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I have a project, in which i need to choose between 4 numbers.
I used random(2,5) because those were the values I need.
However, i need to make sure each return is different.
Ex. I can't have the same number repeat. How do I do this?
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keep track of the most recent random number. Then before allowing a new random number, compare it to the variable. If it's different, do what you need to do with it. If it's the same, keep generating new ones until it's different.

Lather, rinse, repeat.
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Ex. I can't have the same number repeat. How do I do this?


You want a shuffle algorithm. Put the four numbers into an array. Pick one at random. Remove that. Pick one of the remaining three at random. Remove that. Pick one of the remaining two at random. Then you have the last one.
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Nick, Docedison, Shmaron, Thanks for the replies! I'll try Nick's out soon.
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More info: http://en.wikipedia.org/wiki/Fisher%E2%80%93Yates_shuffle
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Thanks!
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Quote
I used random(2,5) because those were the values I need.
Keep in mind that the random() function will never return the upper value of the range that you specify. If you want it to return 2, 3, 4, and 5, the upper limit needs to be 6.
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thanks!
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Thanks for your help everyone, I got it to work now!
Here's the code if anyone else wants to know...
Code:
// Random LED lights code...

long randNumber1;
int val = 2;
int led1 = 2;
int led2 = 3;
int led3 = 4;
int led4 = 5;


void setup() {               
 
  pinMode(led1, OUTPUT);
  pinMode(led2, OUTPUT);     
  pinMode(led3, OUTPUT);     
  pinMode(led4, OUTPUT);     
  Serial.begin(9600);
  randomSeed(analogRead(1));
  //make sure pins are on low.
  digitalWrite(led1, LOW);
  digitalWrite(led2, LOW);
  digitalWrite(led3, LOW);
  digitalWrite(led4, LOW);
 
 
}

// the loop routine runs over and over again forever:
void loop() {
  delay(3000);
 
  val = 1; 
  randNumber1 = random(2,6);
   

 //First LED.
  digitalWrite(randNumber1, HIGH);
  delay(700);
  val = randNumber1;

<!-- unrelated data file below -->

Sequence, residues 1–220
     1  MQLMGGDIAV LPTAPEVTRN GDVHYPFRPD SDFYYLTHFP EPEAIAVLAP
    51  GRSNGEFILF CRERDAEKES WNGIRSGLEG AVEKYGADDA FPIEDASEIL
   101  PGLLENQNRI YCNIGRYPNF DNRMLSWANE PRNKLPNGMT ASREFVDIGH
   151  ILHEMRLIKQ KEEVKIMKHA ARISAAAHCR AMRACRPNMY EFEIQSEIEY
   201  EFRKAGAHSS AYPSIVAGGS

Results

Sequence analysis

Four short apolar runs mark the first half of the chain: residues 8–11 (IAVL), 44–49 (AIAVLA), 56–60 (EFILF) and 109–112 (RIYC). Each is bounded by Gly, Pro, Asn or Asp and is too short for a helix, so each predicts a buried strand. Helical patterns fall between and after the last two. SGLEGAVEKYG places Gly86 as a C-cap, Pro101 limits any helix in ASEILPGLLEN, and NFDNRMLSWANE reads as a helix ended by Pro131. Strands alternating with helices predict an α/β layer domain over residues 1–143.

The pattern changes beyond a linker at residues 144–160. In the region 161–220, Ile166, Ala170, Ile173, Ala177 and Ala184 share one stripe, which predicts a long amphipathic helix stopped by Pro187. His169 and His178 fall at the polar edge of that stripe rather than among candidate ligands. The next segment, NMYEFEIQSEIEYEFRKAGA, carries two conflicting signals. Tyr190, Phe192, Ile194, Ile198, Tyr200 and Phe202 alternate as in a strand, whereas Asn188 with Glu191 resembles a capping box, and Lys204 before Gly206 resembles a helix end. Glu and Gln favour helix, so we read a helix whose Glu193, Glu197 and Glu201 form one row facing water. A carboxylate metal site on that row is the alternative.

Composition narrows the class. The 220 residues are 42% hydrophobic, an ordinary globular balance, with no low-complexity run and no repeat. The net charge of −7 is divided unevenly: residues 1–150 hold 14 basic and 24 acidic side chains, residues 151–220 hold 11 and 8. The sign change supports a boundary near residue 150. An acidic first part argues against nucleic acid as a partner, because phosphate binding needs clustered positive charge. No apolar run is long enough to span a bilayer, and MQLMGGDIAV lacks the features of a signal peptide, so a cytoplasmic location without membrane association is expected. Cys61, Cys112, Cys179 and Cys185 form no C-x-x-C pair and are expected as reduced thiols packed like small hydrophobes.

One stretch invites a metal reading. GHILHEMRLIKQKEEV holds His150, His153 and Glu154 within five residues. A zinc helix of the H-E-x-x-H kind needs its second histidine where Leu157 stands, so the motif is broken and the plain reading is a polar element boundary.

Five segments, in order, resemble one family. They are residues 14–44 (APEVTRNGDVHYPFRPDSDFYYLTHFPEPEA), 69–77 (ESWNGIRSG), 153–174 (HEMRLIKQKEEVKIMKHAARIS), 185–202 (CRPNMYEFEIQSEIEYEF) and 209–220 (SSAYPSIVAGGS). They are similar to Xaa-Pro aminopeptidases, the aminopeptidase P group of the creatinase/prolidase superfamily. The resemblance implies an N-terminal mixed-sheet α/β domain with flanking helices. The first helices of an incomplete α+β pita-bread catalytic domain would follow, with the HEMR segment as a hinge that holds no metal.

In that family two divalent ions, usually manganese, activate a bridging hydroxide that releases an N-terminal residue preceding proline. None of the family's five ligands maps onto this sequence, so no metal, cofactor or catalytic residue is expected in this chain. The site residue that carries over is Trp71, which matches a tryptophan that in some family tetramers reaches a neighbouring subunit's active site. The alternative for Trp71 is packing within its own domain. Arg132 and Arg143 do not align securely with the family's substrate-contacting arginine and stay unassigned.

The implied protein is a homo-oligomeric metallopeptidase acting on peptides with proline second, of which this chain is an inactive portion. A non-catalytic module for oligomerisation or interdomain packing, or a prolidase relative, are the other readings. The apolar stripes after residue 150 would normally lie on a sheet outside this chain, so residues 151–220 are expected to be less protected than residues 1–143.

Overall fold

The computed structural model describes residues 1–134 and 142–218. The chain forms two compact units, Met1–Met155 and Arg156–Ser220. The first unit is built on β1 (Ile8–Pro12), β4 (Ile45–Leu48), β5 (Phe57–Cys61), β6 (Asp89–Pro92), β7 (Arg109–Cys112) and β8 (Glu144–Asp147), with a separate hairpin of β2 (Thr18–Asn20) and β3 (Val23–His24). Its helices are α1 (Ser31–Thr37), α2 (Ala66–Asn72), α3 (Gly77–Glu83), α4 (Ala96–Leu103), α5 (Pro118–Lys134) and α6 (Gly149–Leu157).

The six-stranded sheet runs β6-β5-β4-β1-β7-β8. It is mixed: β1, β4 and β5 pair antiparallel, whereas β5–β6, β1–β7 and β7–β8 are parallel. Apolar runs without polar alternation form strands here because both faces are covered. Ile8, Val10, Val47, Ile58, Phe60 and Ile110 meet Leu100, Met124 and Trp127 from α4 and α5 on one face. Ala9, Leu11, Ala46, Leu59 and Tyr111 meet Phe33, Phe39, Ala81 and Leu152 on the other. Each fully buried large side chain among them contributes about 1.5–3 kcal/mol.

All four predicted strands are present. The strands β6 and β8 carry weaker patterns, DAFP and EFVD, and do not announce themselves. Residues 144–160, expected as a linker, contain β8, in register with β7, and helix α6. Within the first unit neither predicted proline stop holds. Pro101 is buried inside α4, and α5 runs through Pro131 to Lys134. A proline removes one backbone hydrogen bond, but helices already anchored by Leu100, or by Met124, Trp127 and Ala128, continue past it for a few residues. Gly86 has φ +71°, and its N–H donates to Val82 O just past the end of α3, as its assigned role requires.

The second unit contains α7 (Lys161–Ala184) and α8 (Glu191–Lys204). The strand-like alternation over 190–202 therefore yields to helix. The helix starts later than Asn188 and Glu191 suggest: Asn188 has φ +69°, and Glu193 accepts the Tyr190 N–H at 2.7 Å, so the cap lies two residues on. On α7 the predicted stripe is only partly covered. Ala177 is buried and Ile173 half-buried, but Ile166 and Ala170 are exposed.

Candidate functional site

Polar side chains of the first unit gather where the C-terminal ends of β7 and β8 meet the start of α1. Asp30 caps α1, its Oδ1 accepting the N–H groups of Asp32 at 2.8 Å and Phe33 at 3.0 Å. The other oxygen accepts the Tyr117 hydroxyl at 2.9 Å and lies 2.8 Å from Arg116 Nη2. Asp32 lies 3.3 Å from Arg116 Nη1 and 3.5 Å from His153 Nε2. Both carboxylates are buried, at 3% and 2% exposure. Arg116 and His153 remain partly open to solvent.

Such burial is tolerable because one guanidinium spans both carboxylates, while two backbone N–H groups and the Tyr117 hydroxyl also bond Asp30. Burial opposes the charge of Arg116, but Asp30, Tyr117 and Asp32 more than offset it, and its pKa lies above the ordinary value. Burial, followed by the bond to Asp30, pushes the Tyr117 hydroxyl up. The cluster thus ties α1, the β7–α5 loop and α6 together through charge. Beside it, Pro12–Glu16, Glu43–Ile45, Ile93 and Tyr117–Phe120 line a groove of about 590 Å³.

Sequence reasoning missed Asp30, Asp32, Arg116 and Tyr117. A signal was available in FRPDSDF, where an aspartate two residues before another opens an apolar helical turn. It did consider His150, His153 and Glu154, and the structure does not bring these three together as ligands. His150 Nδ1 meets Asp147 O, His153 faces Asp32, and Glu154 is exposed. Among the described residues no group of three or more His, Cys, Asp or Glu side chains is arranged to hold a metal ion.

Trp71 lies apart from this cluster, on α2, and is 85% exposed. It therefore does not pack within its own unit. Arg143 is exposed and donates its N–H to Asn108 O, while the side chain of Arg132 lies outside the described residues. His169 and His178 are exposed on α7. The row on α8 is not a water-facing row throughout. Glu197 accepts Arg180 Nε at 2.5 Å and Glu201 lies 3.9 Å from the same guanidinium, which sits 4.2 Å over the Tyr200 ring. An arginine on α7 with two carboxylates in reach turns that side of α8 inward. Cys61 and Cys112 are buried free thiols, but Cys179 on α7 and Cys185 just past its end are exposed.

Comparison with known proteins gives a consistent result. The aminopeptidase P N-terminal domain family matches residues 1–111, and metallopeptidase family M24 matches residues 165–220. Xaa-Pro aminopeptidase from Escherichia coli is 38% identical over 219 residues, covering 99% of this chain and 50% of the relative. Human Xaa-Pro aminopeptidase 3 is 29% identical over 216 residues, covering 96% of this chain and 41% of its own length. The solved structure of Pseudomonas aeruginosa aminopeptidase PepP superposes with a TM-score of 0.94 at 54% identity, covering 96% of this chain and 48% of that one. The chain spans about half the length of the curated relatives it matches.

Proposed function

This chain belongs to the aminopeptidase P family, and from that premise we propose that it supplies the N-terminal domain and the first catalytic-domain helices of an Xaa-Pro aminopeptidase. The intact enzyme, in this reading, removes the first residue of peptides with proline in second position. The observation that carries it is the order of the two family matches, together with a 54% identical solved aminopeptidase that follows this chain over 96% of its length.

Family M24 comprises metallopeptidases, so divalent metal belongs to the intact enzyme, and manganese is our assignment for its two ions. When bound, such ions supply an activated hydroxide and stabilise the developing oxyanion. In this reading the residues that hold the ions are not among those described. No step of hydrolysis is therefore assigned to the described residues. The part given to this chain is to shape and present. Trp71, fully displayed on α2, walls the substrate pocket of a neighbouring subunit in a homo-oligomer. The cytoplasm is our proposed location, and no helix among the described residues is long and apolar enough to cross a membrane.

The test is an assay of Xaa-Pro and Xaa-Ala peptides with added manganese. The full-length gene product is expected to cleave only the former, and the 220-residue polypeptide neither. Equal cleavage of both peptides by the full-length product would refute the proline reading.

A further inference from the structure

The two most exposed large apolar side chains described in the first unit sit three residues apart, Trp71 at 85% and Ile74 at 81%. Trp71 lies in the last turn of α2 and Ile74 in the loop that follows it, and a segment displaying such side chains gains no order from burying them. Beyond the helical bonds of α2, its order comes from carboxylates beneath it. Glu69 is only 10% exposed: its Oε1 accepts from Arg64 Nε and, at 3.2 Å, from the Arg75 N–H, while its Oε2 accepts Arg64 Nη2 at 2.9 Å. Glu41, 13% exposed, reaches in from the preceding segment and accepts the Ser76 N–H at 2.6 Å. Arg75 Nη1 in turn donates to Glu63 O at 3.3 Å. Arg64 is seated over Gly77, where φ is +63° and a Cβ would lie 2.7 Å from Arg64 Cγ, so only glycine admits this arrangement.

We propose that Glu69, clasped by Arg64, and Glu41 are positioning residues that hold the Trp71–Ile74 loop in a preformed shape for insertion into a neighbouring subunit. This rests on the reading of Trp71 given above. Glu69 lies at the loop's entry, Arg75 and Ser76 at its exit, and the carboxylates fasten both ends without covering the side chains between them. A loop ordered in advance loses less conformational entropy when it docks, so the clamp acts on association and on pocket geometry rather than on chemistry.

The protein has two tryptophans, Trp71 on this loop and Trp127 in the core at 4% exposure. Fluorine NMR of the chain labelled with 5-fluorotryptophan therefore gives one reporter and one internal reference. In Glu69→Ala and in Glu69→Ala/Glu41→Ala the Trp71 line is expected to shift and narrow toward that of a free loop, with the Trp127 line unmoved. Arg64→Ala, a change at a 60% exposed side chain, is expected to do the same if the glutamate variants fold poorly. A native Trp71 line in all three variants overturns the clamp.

digitalWrite(randNumber1, LOW);
  //Serial.println(randNumber1);
  //Serial.println(val);
 
  //Check to see if randNum is same. If so, change it.
  randNumber1 = random(2,6);
  while (randNumber1 == val) {
    randNumber1 = random(2,6);
  }
  //write to 2nd LED
  digitalWrite(randNumber1, HIGH);
  delay(700);
  digitalWrite(randNumber1, LOW);
  val = randNumber1;


  //Check 
 randNumber1 = random(2,6); 
  while (randNumber1 == val) {
    randNumber1 = random(2,6);
  }
  //Write to 3rd LED
  digitalWrite(randNumber1, HIGH);
  delay(700);
  digitalWrite(randNumber1, LOW);
    val = randNumber1;

 
  //Check
  randNumber1 = random(2,6);
  while (randNumber1 == val) {
    randNumber1 = random(2,6);
  }
 
  //Write to 4th LED.
  digitalWrite(randNumber1, HIGH);
  delay(700);
  digitalWrite(randNumber1, LOW);
    val = randNumber1;

 
delay(1000);
}
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Hi iluvplanes,

Just a few coding observations that can make your code easier to read and easier to understand:

You have 2 delays, 3 sec at the beginning of your loop and 1 sec at the bottom of the loop, that can be combined into a single delay.

// Comments help to explain what you are doing. I had to read through the code to determine the following:

It appears that you have a loop cycle time of 6.8 seconds when you add all of the delays.  Within this time you would like to randomly flash some LEDs for 0.7 seconds.

From your code, it appears that you can flash an LED multiple times in the cycle--just not twice in a row, and that within a cycle it is ok if an LED doesn't flash at all. If not, then Nick's shuffle approach is the way to go.

That said... This was probably just supposed to be a fun activity and now that you've gotten it to work, you can move on to other things!  FUN, FUN, FUN.  If you're looking for something to tweak (and something to learn), maybe use potentiometers to vary the loop delay and on/off delays?